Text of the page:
Since 1965, General Partition Co.
has provided quality chipboard, SBS and corrugated box partitions, on time and at competitive prices.

Corrugation vs. Chipboard Partitions in Boxing

When you’re involved in the packaging process, the design phase is perhaps one of the most crucial for the success of your product and your company. As any designer can tell you, it’s easy to get engrossed in the branding and aesthetics of it all – so easy that you’ll often overlook the type of packaging you’ll be using.

As chipboard partition manufacturers, we weigh the merits of each type of box, choosing the one that best fits your needs. To do so, it’s necessary to grasp the differences between chipboards vs. corrugated boxes, and exactly what your product requires during periods of transit and storage.

The Corrugated Box

Say the words, “cardboard box” and you’ll probably be imagining a conventional corrugated cardboard box. Usually, said box will have a pair of fluted, fan-like folds on the sides, used in sealing and closing it. Your average corrugated cardboard box tends to ship heavier and bulkier products. Being made of two sheets of pressed cardboard, the folds provide a layer of cushioning for more fragile items. Because of its durability, corrugated cardboard is also used in product displays. Unlike other materials, cardboard can withstand all the wear and tear of your average retailer.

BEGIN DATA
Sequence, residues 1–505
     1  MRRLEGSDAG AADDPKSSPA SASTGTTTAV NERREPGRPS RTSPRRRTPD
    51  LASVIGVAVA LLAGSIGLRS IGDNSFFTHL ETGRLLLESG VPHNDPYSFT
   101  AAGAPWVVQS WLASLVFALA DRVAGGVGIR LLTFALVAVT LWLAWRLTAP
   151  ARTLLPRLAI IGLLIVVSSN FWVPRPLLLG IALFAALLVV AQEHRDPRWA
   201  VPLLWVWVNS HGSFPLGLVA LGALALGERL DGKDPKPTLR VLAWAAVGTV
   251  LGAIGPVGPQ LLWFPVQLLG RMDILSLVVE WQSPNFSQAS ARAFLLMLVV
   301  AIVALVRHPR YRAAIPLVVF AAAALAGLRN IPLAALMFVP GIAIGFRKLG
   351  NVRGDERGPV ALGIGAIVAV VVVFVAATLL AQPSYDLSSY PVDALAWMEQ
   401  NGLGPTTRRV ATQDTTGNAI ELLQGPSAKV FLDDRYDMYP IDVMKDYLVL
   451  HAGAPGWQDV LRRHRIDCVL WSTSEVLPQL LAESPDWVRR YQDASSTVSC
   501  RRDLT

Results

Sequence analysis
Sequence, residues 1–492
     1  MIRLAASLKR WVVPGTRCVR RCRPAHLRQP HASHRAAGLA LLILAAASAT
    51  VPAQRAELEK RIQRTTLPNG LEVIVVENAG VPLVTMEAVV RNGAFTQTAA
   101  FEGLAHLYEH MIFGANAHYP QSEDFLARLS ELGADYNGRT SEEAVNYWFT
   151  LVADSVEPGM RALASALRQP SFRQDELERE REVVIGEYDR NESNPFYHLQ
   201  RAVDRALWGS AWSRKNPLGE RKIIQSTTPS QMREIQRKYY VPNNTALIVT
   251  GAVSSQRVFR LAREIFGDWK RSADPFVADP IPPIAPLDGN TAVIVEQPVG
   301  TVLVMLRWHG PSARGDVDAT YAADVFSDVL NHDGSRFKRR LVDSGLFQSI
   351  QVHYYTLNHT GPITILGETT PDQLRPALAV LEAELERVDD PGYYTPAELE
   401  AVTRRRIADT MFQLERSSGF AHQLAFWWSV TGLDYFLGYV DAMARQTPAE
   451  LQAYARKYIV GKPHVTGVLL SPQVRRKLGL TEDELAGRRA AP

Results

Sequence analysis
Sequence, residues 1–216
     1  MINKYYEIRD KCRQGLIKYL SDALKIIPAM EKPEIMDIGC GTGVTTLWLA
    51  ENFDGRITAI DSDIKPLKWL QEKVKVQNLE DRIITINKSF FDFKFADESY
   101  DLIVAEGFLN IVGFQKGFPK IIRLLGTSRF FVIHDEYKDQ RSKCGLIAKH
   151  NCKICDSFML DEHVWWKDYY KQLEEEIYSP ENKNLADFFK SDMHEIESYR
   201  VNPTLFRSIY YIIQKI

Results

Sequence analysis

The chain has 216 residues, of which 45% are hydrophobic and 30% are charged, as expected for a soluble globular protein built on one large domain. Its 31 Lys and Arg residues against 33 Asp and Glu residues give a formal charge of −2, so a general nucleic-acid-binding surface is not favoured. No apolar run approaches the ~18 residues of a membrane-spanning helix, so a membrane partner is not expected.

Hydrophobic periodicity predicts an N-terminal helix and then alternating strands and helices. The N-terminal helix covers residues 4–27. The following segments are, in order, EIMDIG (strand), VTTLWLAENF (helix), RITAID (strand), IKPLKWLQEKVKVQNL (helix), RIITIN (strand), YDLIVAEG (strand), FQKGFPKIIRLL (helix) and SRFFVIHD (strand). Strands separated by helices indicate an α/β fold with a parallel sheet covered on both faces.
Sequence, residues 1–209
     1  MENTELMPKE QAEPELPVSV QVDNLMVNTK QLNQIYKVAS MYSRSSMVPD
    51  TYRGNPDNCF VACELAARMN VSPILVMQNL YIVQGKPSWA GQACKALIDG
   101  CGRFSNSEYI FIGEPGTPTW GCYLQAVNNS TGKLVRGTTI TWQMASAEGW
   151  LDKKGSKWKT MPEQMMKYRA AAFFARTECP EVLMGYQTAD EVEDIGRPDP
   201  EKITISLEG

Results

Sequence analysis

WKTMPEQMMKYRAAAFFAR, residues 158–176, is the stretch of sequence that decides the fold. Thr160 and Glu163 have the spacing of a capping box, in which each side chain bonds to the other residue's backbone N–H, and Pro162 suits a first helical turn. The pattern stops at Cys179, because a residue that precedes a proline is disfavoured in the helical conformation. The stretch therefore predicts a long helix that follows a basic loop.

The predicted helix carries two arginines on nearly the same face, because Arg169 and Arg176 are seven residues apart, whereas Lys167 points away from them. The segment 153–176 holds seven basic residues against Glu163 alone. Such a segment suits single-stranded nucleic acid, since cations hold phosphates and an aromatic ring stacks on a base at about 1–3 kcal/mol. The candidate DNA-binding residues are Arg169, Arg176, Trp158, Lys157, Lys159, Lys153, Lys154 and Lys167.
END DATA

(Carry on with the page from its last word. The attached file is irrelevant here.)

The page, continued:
During a move, you’re likely to be stacking your electronics and larger appliances inside of corrugated boxes as well. One of the best parts about corrugated boxes is how easy it is to reuse and recycle them. In some instances, the cardboard box itself will be entirely made of recycled materials!

The Chipboard Partition Box

Once you’ve learned the lingo, your corrugated box isn’t that hard to recognize and utilize. Though your thoughts may go to wood chips when you hear it, a “chipboard partition box” is not wooden in any way. Chipboard is recycled paper, layered on itself, then pressed into a range of thicknesses. If you go inspecting, you’ll find chipboard on the backs of notepads, notebooks, and any number of collaging materials. Compared to corrugation, a chipboard box is cheaper to manufacture and takes up less space.

Ultimately, your packaging is at the whim of your product and its specifications. If you feel that you have more questions about corrugated boxes, chipboard partitions, or even layer pads, please call us at 1-888-659-9661.

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